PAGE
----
On Facebook today, I’ve seen a number of posts celebrating Independence Day with the quote “the Home of the Free because of the Brave…”
So I thought I’d take this opportunity to honor my Grandpa Baach, a Doughboy in WWI; my Father-in-Law George M. Marincel, a bombardier and navigator in a B-17 Flying Fortress, who flew 36 missions over Occupied Europe in WWII; and, of course, my dad, Leonard H. Resch, who fought at Omaha Beach, The Battle of Normandy, Northern France, Huertgen Forest, Battle of the Bulge, and Central Europe, and liberated the concentration camp Nordhausen.
May you all rest in God’s peace after the horrors of war.
When the magnificent and dedicated WWII vets of The Fort Snelling Honor Guard presented my mother with my dad’s casket flag at his burial, their commander read these words:
“On behalf of the President, the Armed Forces of the United States and a Grateful Nation, I present you this flag, a symbol of our Great Republic, for which our Departed Comrade has Honorably Served.”
Another Memorial Day & […] still at war, decorating an ever-increasing number of graves. –Eleanor Roosevelt, Memorial Day 1944.
When Eleanor Roosevelt wrote this, my dad was a 24 year-old farm boy from Minnesota living in Selsey, England, training for the great Allied invasion of France that would take place the next week on D-Day, June 6. My dad would hear his first shots fired in anger in the midst of some of the worst carnage of the entire war, on Omaha Beach, Normandy, France, later aptly nicknamed “Bloody Omaha”.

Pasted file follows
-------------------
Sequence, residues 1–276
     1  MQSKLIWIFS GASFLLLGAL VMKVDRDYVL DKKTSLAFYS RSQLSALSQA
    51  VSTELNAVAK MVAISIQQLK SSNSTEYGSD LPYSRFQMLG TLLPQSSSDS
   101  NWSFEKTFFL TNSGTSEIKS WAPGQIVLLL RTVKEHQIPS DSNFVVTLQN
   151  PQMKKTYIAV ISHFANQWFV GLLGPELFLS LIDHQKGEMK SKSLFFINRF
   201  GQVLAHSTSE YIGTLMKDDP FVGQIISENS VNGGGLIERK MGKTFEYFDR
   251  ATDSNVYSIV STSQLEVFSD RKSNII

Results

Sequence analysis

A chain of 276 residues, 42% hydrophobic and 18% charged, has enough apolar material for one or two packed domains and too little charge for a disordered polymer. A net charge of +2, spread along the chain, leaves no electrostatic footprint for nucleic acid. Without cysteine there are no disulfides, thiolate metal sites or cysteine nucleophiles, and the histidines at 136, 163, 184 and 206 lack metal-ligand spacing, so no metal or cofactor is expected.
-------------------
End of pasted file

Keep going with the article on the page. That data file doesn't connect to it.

The United States had a lot more graves to decorate after D-Day, and in the months to come, until WWII finally came to an end with unconditional surrender of Japan in August of 1945.
My dad has been gone for over twenty years now; his generation, the World War II generation, is almost gone now. The day we buried my father, there were enormous patches of open land at Ft. Snelling National Cemetery; when I went out there yesterday to visit mom and dad’s grave, I noticed that it is almost full. Soon there won’t be any veterans left to tell their stories about Omaha Beach, or The Battle of the Bulge, or the day their unit liberated Buchenwald, or Dachau, or one of the numerous sub-camps that lurked throughout Germany. It will be left to us, their children and grandchildren, to keep their stories alive, to make sure their legacies are passed on to new generations so that their heroism is never forgotten.
But will anyone want to listen? Are people listening now? I’m not entirely sure. And that makes my heart hurt…because I know the price my father paid, not just by giving his country the best years of his life, but in blood, in sweat and tears, in heartache and grief and flashbacks and lifelong nightmares.
What these men did mattered, then and for all time. They saved the world from a terrible, incomprehensible evil. As President Bill Clinton said of the gathered veterans in Normandy on the 50th anniversary of D-Day, the year after my dad died: